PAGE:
The company said last year it would loosen its share repurchase policy when it came to the valuation at which it would consider buying back stock. 

"My expectation of more stock purchases is not a market call," Buffett wrote.

"Charlie and I have no idea as to how stocks will behave next week or next year. Predictions of that sort have never been a part of our activities. Our thinking, rather, is focused on calculating whether a portion of an attractive business is worth more than its market price."

Acquisition plans

Alex Wong / Getty Images

For a second year, Buffett said he and Munger would like to make a large acquisition, but valuations are too high.

In the coming years, they’d like to move much of their excess cash into businesses to "permanently own," Buffett wrote. But that probably won’t happen, at least not in the short-term. 

"Prices are sky-high for businesses possessing decent long-term prospects," he wrote. "That disappointing reality means that 2019 will likely see us again expanding our holdings of marketable equities. We continue, nevertheless, to hope for an elephant-sized acquisition." 

He added: "Even at our ages of 88 and 95 – I’m the young one – that prospect is what causes my heart and Charlie’s to beat faster. (Just writing about the possibility of a huge purchase has caused my pulse rate to soar.)"

Accounting rules

REUTERS/Rick Wilking

The impact the new accounting rules had on Berkshire’s bottom line dominated the first page of Buffett’s letter.

The company in the first- and fourth-quarters recorded losses of $1.1 billion and $25.4 billion, respectively. Its full-year profit took a hit that resulted from the new policy.

"As I emphasized in the 2017 annual report, neither Berkshire’s Vice Chairman, Charlie Munger, nor I believe that rule to be sensible," Buffett wrote. "Rather, both of us have consistently thought that at Berkshire this mark-to-market change would produce what I described as ‘wild and capricious swings in our bottom line.’" 

Buffett also wrote that these swings in the company’s quarterly GAAP earnings would "inevitably continue" due to the large price fluctuations its $173 equity portfolio sees on a daily basis.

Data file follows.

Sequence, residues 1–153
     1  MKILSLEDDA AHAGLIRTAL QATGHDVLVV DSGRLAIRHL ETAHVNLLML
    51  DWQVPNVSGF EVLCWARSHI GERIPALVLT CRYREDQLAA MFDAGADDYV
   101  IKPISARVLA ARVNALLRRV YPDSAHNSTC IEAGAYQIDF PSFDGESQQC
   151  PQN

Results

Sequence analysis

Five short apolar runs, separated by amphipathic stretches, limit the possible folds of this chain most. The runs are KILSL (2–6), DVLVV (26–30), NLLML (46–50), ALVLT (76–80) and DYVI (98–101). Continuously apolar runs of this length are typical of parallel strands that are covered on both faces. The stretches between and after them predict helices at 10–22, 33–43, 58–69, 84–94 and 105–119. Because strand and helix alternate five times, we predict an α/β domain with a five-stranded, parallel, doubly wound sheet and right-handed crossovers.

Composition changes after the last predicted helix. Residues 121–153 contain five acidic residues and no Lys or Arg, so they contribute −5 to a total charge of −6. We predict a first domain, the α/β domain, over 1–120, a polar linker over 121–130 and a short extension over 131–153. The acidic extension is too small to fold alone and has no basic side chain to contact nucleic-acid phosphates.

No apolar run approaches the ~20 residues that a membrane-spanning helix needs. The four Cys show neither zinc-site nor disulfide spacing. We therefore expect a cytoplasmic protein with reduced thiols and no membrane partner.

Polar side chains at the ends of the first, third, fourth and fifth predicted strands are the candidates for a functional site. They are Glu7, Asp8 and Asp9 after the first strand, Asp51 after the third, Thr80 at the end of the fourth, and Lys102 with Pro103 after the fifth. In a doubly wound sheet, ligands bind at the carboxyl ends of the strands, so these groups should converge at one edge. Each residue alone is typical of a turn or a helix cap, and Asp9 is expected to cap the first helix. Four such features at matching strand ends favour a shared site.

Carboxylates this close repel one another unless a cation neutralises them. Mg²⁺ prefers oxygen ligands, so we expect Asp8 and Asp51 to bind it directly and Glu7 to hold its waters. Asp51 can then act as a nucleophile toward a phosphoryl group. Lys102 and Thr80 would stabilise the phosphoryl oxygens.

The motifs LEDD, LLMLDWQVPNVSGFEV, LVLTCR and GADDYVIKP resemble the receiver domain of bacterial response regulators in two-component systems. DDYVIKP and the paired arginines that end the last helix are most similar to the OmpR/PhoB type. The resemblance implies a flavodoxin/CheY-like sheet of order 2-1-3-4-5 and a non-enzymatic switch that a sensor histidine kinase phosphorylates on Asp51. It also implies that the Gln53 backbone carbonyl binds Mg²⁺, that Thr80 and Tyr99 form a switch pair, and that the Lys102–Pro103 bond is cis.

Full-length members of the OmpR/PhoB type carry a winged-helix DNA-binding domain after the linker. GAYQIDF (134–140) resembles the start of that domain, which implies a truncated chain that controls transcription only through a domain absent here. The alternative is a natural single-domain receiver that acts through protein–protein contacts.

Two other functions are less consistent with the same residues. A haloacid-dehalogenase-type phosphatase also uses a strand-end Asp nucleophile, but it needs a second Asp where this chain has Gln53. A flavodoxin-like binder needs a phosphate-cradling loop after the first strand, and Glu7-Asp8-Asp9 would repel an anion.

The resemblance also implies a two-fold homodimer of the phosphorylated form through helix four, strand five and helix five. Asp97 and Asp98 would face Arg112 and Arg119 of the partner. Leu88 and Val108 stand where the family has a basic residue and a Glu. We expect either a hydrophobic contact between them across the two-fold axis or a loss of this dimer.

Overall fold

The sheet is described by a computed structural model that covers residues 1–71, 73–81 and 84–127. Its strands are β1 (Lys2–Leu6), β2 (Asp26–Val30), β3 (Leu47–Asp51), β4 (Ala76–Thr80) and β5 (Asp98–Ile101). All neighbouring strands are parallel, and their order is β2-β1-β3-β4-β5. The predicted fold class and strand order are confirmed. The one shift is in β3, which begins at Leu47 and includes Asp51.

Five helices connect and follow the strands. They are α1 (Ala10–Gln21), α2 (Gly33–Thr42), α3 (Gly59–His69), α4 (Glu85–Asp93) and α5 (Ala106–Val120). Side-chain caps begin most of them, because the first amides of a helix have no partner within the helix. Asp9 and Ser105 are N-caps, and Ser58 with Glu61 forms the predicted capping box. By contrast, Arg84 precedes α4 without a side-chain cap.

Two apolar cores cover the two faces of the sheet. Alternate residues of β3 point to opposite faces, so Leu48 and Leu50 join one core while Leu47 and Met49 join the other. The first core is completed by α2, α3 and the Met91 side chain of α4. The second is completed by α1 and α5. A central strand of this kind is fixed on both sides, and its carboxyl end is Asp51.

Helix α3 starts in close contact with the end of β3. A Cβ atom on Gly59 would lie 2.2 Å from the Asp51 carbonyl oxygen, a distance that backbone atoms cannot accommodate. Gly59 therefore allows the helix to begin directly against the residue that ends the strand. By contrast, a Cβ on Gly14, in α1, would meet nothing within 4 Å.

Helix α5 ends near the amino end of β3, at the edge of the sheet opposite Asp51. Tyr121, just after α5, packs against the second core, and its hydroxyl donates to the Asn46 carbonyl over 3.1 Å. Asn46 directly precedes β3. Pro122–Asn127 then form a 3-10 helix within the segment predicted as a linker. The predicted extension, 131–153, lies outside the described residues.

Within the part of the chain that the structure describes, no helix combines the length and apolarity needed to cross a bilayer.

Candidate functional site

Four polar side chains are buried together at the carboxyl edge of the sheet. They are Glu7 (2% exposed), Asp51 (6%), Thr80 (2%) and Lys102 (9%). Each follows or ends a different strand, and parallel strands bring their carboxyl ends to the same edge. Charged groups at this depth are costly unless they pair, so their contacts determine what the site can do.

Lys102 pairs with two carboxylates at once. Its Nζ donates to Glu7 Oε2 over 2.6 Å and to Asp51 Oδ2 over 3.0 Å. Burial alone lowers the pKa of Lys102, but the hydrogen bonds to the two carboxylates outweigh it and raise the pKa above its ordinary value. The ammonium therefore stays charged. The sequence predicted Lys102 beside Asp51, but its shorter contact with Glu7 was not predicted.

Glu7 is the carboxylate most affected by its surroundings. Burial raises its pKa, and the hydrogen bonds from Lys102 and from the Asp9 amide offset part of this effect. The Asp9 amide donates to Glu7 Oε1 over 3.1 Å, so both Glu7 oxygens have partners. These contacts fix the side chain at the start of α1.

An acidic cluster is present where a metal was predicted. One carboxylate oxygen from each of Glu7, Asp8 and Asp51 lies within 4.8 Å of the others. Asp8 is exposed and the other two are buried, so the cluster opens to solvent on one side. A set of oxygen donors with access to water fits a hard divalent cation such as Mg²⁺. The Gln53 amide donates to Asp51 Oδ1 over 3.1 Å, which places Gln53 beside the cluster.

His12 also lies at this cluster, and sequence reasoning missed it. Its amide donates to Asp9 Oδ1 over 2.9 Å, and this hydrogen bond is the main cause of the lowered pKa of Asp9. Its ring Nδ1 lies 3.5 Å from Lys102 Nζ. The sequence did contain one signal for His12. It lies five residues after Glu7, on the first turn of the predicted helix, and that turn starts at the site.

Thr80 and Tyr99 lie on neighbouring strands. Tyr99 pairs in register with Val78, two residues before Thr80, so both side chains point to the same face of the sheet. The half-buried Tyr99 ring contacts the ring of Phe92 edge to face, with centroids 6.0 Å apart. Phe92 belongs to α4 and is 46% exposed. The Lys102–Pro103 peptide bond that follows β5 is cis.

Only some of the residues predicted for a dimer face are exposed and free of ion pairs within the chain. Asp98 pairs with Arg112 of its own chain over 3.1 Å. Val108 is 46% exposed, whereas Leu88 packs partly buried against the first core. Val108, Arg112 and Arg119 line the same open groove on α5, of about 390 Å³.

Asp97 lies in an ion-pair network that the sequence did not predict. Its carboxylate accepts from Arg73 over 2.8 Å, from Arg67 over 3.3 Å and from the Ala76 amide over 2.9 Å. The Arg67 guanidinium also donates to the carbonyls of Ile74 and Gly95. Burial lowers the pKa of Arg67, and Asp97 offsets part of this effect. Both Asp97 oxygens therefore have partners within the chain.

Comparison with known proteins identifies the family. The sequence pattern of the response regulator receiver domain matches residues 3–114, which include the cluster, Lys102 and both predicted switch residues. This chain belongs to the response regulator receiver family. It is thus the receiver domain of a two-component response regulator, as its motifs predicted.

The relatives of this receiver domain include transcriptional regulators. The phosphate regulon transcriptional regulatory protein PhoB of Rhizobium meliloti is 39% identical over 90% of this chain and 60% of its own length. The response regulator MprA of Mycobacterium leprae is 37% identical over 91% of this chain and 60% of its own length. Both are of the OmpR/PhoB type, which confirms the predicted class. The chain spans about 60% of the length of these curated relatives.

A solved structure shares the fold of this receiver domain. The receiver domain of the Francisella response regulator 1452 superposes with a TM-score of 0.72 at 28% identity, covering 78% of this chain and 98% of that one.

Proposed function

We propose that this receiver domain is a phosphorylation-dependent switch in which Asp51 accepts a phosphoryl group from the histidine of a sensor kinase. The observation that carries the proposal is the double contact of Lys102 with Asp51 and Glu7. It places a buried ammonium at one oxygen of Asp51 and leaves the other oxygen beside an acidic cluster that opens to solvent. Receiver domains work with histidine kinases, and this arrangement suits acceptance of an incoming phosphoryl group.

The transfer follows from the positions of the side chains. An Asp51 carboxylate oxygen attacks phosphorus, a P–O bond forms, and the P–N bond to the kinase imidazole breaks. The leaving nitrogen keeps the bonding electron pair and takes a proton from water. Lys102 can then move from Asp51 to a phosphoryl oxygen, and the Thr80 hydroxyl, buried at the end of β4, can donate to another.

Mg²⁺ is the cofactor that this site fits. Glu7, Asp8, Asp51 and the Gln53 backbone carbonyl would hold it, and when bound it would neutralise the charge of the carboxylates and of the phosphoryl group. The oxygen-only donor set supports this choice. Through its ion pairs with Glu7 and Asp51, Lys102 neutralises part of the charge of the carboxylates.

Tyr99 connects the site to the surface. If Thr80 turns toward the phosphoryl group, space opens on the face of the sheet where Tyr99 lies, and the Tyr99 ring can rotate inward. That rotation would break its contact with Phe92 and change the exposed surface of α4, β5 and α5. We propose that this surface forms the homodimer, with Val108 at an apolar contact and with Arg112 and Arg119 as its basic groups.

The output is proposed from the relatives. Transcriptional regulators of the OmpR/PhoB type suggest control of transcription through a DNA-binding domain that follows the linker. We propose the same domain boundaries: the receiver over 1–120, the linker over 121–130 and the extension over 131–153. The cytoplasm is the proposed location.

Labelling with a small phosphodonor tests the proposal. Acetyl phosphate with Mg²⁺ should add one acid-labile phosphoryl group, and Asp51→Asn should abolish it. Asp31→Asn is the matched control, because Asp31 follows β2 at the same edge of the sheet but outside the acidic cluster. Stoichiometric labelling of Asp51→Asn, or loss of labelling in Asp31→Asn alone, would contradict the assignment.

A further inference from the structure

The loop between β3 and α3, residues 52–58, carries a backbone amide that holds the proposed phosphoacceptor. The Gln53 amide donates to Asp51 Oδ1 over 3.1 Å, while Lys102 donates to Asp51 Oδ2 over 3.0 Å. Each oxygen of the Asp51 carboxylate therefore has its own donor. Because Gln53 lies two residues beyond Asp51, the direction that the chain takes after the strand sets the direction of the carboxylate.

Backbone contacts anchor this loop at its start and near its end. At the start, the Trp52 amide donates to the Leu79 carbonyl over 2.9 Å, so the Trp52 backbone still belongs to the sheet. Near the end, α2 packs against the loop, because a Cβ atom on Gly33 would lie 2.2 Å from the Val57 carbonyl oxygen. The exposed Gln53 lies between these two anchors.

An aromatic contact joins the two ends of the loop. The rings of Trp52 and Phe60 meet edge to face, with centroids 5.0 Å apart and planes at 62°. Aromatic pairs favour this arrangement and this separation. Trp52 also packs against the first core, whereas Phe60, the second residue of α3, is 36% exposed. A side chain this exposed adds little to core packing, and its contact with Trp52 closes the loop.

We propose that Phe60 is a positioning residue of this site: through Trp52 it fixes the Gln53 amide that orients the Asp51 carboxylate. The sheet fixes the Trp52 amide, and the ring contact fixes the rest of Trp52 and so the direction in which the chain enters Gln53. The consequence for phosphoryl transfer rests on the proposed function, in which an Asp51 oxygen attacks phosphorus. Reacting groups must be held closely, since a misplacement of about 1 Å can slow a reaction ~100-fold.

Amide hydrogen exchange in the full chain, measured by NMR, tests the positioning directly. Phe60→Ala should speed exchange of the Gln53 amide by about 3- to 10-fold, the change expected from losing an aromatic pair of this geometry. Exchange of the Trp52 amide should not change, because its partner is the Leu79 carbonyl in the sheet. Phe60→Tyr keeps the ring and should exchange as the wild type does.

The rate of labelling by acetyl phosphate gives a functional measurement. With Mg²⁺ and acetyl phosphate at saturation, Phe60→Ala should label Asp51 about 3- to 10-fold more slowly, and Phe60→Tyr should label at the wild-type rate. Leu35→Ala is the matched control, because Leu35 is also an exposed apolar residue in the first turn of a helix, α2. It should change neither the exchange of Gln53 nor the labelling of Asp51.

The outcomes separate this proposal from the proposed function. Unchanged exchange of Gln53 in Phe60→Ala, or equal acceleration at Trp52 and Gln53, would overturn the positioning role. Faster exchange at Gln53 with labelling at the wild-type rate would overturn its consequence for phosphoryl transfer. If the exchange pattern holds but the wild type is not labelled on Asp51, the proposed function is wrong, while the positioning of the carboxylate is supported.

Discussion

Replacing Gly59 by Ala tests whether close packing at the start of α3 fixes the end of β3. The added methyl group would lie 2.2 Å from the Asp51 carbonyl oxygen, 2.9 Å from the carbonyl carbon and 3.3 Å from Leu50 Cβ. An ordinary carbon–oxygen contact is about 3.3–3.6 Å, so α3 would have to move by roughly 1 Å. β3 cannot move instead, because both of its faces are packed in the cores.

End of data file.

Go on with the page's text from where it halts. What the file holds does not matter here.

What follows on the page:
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Warren Buffett warns of natural or human-made ‘megacatastrophe,’ and says our losses will be huge

warren buffettBill Pugliano/Getty

  • Warren Buffett released his annual letter on Saturday.
  • In it he warned about the prospect of ‘The Big One’ — a major hurricane, earthquake, or cyber attack that will ‘dwarf hurricanes Katrina and Michael.’
  • Although he said such a disaster could occur tomorrow or in decades, he warned that it was inevitable and losses would be ‘very big.’
  • Watch Berkshire Hathaway trade live.

Record-breaking investor and Berkshire Hathaway CEO Warren Buffett released his yearly letter on Saturday, and in it he warned about the prospect of "The Big One" — a major hurricane, earthquake, or cyber attack that he said "will dwarf hurricanes Katrina and Michael."

"When such a megacatastrophe strikes, we will get our share of the losses and they will be big — very big," Buffett wrote.

Although such a disaster could happen tomorrow or decades from now, one thing is sure, he said: the catastrophe is inevitable. Yet Buffett said he had a plan for such an outcome.

"Unlike many other insurers," he wrote, "we will be looking to add business the next day." That funding, he said, will come from deferred income taxes, liabilities that Berkshire Hathaway will eventually pay but are currently interest-free.

‘The Big One:’ a matter of when, not if

Hurricane Katrina levee breachAPAlthough Buffett says the catastrophe may take the form of a natural disaster or could be something more surprising, like a cyber attack, experts have warned about the impending nature of the former for decades.

In recent years, concerns about ‘The Big One" from geologists, seismologists, and other scientists have mounted as two things have: First, evidence of our role in a steady shift in climate has mushroomed as we observe more frequent and extreme fires, droughts, hurricanes, and tsunamis. Second, our ability to predict and model the risk of oncoming natural disasters is improving at a steady clip.

Science writer Kathryn Shultz galvanized public attention to the threat in 2015 with the New Yorker essay "The Really Big One," in which she describes how an earthquake could destroy a large chunk of North America’s coastal Northwest.

"The hand of a geological clock is somewhere in its slow sweep," she wrote. "All across the region, seismologists are looking at their watches, wondering how long we have, and what we will do, before geological time catches up to our own."

While some natural disasters are no fault of our own, they are in general being actively exacerbated by issues like hasty building, poor planning, a failure to invest in healthcare infrastructure and environmental protection, and an over-reliance on dirty fossil fuels, according to experts. And the outcomes — which include roof-toppling hurricanes, ground-rumbling earthquakes, and flooding and sea-level rise — will eventually affect everyone.

"The bottom line is it’s going to be bad everywhere," Bruce Riordan, the director of the Climate Readiness Institute at the University of California, Berkeley, told Business Insider two years ago.

"It’s a matter of who gets organized around this," Riordan said.

NOW WATCH: Earth’s north magnetic pole is on the move — here’s what will happen when our poles flip